According to Gertrude Stein, a rose “is.” According to guest blogger, Steve Lash, great #TeachingIs too.

Guest blogger, Steve Lash, shares his thoughts on what #teachingis

I was lucky to have many great teachers.

Linda Nielsen, my Russian teacher for almost every year grades 7 to 12, was one of them.  Without her, my insulated perspective would not have been shaken to the core through two visits to the Soviet Union.  In her class, we worked collaboratively, prepared skits, and studied the language through as many “real world” activities as could be found in the 1980s.

Keith Mead, my 9th grade English teacher, invited us to write independent journals at the start of each class, and responded to all students personally.  That year, he encouraged me to join our school’s Newspaper staff as Assistant Editor, where he continued to help me find my voice as a writer.

Bill Peterson, my 8th and 10th grade Science teacher, showed us the crazy world of biology with deadpan humor and boundless energy as he guided us through experiments, ending each week with a game of Jeopardy.

Great teachers are great teachers are great teachers are great teachers.

This idea, an homage to Gertrude Stein’s famous line, “rose is a rose is a rose is a rose,” has increasingly become my credo in the face of an ever-changing educational landscape.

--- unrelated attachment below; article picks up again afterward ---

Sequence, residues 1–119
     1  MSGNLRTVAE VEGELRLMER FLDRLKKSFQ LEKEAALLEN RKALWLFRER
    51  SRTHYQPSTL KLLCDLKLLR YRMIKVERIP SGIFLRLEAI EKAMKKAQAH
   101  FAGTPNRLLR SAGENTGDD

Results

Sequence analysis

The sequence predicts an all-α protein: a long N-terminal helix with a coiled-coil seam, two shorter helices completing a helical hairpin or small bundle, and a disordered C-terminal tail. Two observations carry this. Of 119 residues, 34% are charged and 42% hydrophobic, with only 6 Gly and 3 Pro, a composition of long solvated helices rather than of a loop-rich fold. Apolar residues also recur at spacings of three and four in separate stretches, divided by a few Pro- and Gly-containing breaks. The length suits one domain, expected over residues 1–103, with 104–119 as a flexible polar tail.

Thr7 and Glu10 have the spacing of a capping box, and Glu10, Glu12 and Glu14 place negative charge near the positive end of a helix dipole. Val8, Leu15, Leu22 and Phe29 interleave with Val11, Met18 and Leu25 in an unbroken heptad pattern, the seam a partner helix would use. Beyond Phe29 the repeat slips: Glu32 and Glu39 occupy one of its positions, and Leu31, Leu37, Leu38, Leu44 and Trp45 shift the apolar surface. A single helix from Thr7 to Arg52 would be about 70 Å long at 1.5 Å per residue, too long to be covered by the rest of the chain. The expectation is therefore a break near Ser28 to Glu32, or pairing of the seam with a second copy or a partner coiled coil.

A pioneer of the new Modernism, Stein was fascinated with the likes of Picasso, and she hoped to evoke emotions similar to Cubism in her writing.  The idea that multiple facets could be looked at simultaneously, perhaps understood differently, alter a rose’s meaning while capturing its immutable essence.  As with many complex ideas, over time, the “rose” quote has been re-understood to state that an object simply is.

I find that both definitions ring true in education.  Great teachers from any age would still be great in today’s schools.  They transcend myriad changes in standards, grading, and pedagogy.  At their core:  love of content, love for kids, and a desire to bring the two together creatively.  These are the teachers each of us remembers vividly.

Yet the “cubist” idea of Stein’s line rings true as well.  Great teaching, like the many phases of a rose’s beauty, is about change.  We innovate last year’s ideas because after reflection, we realize they can improve—that we can improve.

Edward Pajak’s Honoring Diverse Teaching Styles illustrates four primary teaching traits:  inventing, knowing, caring, and inspiring.  He postulates that each teacher is a unique blend of these traits. A great school has teachers who favor each type; we are best because we are different.

And ultimately, no matter how much time and energy is given to standardizing our craft, we teach with our own individual flair.  I have observed the exact same lesson in two math classes being taught in noticeably different ways, with equal effectiveness.  Just as Stein observed a new reality in the rose with each repetition, so do we with the craft of teaching.

Each teacher has greatness within. It is the responsibility of each of us to celebrate and cultivate our strengths.

Steve Lash has taught English for eighteen years at Horizon High School in Thornton, Colorado.  He values student leadership and involvement, and has sponsored Student Government, Link Crew, and several other clubs. He has served as an Instructional Leader, coach, and Induction advisor.

Share this post: